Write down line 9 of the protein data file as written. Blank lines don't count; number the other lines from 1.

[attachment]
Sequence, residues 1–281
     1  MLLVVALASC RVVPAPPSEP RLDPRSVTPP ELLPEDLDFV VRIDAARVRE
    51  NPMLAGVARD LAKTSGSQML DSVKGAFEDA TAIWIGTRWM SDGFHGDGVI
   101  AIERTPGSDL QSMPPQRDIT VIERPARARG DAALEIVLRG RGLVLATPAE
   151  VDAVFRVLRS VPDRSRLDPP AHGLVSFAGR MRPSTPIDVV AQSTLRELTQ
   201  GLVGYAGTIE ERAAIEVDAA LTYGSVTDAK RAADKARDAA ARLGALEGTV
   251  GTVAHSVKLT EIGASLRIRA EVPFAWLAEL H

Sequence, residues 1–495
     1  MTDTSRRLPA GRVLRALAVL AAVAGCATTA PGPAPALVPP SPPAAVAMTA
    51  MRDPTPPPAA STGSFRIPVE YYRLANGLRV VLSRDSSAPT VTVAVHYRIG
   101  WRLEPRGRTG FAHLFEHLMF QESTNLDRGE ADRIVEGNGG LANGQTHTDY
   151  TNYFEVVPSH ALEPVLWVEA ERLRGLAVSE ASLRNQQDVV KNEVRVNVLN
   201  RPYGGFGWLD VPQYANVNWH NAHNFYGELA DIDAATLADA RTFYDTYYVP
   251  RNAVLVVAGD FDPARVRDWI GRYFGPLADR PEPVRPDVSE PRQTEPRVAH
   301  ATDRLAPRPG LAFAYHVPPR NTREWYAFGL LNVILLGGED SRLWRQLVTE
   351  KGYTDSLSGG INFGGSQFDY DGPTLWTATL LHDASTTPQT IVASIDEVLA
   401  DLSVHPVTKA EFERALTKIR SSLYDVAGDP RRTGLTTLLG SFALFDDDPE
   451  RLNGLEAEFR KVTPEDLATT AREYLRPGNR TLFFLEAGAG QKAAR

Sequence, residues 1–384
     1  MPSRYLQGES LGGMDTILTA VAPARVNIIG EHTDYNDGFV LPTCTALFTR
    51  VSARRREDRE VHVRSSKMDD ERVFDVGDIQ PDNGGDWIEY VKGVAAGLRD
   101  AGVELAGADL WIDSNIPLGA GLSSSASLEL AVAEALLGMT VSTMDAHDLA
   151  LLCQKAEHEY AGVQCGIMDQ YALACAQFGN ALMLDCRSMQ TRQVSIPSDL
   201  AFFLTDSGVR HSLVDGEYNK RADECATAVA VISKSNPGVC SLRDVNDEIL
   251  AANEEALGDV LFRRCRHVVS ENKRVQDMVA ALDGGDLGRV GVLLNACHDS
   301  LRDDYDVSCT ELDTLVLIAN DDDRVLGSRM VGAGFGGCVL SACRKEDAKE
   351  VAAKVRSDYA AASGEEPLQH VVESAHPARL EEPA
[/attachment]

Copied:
     1  MTDTSRRLPA GRVLRALAVL AAVAGCATTA PGPAPALVPP SPPAAVAMTA